So you’ve decided where to fish. All done, right? Well no, not quite. Now is a good time to consider the weather! The start of the trout fishing season in New Zealand occurs during one of the wettest and most unpredictable times of the year. Many rivers can easily become unfishable following periods of heavy rain, forcing you into a last minute search for an alternative spot or even to abandon fishing altogether.

To avoid this last minute frustration it’s much easier to already have a ‘Plan B’ in mind. Websites such as the Met Service can be very useful in the final weeks before the trip, as can a number of other resources.

With a bit of thought and planning you can ensure you get the best out of your start to the season. Tight lines!

James Barnett

New Season New Licence

Fish and Game NZ recently circulated an email campaign asking “Are You Ready?” This simple question marks the build up to the new 2015/16 season which opens on 1 October, and also encourages people to get in early and buy a licence online.

“To help you get ahead of the fish, we’ve opened up the online licence buying facility so you can get hooked up early with one of the durable plastic licences – and be all set to go on Opening Day, 1 October. Your plastic licence will be mailed within five working days of you completing this order. It may take seven to ten days to arrive by post in your letterbox” says the campaign release.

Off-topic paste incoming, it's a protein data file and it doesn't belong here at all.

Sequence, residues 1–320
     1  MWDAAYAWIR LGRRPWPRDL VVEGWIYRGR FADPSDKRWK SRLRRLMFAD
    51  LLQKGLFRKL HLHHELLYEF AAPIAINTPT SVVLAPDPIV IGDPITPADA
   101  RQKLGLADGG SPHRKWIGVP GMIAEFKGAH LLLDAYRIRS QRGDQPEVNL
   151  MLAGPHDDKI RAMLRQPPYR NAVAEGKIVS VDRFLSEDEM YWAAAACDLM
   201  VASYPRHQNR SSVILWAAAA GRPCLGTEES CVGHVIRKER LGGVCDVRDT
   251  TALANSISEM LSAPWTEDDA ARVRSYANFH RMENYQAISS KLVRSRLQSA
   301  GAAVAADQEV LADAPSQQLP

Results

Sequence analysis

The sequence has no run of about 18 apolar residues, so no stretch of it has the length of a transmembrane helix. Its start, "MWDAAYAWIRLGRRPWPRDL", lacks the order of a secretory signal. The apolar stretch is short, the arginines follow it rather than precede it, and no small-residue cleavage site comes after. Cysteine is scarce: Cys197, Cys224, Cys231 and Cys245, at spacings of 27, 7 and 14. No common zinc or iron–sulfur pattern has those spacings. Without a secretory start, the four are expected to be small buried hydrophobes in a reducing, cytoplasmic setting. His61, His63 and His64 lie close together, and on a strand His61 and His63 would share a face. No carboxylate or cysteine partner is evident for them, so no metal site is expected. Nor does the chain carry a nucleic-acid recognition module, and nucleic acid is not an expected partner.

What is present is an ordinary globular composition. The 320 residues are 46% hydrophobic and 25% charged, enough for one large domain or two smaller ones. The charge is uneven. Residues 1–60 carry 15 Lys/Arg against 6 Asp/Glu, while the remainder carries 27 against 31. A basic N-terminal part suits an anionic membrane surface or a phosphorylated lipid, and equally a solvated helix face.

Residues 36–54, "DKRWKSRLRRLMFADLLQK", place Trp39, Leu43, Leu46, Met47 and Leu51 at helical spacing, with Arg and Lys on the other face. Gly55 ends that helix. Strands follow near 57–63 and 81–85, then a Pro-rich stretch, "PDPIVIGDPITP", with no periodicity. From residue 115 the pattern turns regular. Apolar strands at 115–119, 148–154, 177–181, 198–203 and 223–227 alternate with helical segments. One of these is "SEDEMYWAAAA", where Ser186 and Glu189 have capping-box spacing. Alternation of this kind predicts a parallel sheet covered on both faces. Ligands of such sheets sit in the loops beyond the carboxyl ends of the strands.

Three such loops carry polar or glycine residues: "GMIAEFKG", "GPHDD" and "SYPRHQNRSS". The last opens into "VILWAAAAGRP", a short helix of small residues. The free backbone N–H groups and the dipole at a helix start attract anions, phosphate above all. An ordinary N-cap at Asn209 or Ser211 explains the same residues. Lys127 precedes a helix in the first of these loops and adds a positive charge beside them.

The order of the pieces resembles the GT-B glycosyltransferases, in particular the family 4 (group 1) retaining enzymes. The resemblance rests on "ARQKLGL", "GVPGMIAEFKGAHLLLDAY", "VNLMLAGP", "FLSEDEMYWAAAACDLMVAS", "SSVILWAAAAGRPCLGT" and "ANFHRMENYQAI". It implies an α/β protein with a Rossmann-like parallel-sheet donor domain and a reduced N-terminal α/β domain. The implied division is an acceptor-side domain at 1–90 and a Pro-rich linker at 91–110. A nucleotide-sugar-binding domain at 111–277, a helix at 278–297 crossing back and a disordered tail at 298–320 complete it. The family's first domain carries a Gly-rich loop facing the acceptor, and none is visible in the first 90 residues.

This year see’s the introduction of a number of new licence options that will offer anglers the chance to fine tune their licence to fit with fishing plans – apparently not everyone shares my need to fish in a variety of locations at the drop of a hat!

Local area, loyal senior, family and non resident options are among the full season licences available, with a number of part season options also on offer. A handy Fish and Game table helps makes sense of it all – click image to see a larger version.

Fish and Game Fishing Licence options for 2015/16
Fish and Game Fishing Licence options for 2015/16

As usual I’ll be opting for the gold plated fish till you drop option – Full Whole Season. Find out which option suits your level of obsession at the Fish And Game NZ website:

On a serious note, it’s very important that all anglers buy the right licence before going fishing. The funds raised through licence fees are used by Fish and Game to protect and nurture our fisheries. With the huge pressure currently on our freshwater resources they need every cent they can get. Find out more about some of the environmental threats here>

So, get in quick to secure your licence. This will give you more time to work out where you’re going to kick-off the new season, determine a ‘plan B’ for when the weather turns to crap, identify what new gear you’re going to need…

James Barnett